B.C. Finance Minister Carole James and B.C. Green Party leader Andrew Weaver announce rate reduction for Canadian citizens paying new property tax on homes empty six months of the year or more. B.C. legislature, Sept. 9, 2018. (Tom Fletcher/Black Press)

Strata rental bans escape B.C. speculation tax through 2021, Carole James says

Vacant home tax won't apply to cabins accessible only by water

The B.C. government is changing exemptions to its speculation and empty home tax in urban areas, as it prepares to quadruple the rate charged for foreign owners and “satellite families” who don’t pay Canadian income tax.

Finance Minister Carole James announced Tuesday that the speculation tax exemption for strata properties where rentals are banned will end on Dec. 31, 2021. That date is after the next scheduled B.C. election, and the B.C. Liberal opposition has opposed the NDP speculation tax as a method to force property owners to rent out homes that are vacant six months or more per year.

Also to be phased out at the end of 2021 is an exemption for strata accommodation properties, or strata hotels, units kept in some condo buildings for tenants to rent out to visitors. An exemption for vacant land ends after this year, meaning it won’t apply to property tax bills until 2021.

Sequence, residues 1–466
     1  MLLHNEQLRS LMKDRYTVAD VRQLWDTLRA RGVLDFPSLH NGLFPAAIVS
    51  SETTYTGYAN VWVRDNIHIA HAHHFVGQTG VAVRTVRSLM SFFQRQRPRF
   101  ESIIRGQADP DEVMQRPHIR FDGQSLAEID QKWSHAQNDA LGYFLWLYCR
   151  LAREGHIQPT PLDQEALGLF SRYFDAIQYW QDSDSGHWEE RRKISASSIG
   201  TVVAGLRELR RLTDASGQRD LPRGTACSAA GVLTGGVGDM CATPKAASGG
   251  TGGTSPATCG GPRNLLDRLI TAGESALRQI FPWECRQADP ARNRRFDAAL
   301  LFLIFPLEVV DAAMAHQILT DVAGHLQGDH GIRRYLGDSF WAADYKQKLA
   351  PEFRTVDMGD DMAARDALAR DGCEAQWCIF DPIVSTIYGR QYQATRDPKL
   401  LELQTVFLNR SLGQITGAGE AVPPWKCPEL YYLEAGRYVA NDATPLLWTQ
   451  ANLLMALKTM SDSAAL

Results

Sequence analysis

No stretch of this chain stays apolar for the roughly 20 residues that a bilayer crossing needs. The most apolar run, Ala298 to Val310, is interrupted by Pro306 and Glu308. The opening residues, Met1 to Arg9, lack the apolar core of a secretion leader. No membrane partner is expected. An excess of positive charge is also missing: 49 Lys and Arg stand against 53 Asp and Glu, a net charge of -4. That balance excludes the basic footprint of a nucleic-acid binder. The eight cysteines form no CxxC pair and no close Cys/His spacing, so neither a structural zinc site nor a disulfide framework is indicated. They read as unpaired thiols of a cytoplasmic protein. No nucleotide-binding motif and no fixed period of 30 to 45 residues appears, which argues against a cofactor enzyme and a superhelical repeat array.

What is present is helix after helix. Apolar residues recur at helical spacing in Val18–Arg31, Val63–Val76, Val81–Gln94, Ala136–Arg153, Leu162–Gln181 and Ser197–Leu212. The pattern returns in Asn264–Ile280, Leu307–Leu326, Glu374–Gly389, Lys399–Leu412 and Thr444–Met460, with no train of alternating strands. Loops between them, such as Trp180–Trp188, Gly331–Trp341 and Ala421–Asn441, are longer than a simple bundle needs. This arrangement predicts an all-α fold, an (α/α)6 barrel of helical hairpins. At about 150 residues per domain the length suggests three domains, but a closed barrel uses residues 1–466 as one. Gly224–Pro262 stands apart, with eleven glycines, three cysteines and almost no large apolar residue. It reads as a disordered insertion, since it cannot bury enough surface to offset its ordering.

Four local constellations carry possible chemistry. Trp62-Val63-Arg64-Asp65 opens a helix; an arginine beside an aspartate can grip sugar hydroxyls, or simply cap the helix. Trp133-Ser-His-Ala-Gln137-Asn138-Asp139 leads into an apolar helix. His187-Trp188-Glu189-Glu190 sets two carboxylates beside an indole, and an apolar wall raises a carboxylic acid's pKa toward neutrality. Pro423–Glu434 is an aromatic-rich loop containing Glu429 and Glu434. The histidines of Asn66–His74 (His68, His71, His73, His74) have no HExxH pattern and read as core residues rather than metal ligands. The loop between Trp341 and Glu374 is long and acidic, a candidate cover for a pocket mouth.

The speculation tax was introduced in 2018, with both the rates and the areas of application altered after protests from owners and the B.C. Green Party. For Canadian owners, it now applies at an annual rate of 0.5 per cent of the assessed value of the property every year on secondary homes. For the 2019 assessment year, the tax rises to 2.0 per cent for foreign owners and satellite families, payable on 2020 property taxes.

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After rural areas including the Gulf Islands and parts of Vancouver Island were exempted, the tax now applies in the designated cities of Abbotsford, Chilliwack, Mission, Kelowna, West Kelowna, Nanaimo, Lantzville, Metro Vancouver and the Capital Regional District around Victoria.

James said Tuesday the tax is working as expected, applying mainly to foreign owners who buy properties as investments in a rising urban real estate market. The province is also increasing the identification required of corporations, trusts, partnerships and foreign owners, to close loopholes that would allow “beneficial owners” of properties to avoid the tax.

“I recognize that there are a variety of views on the speculation and vacancy tax,” James said. “There are those who oppose the tax and others who want to implement additional tax.”


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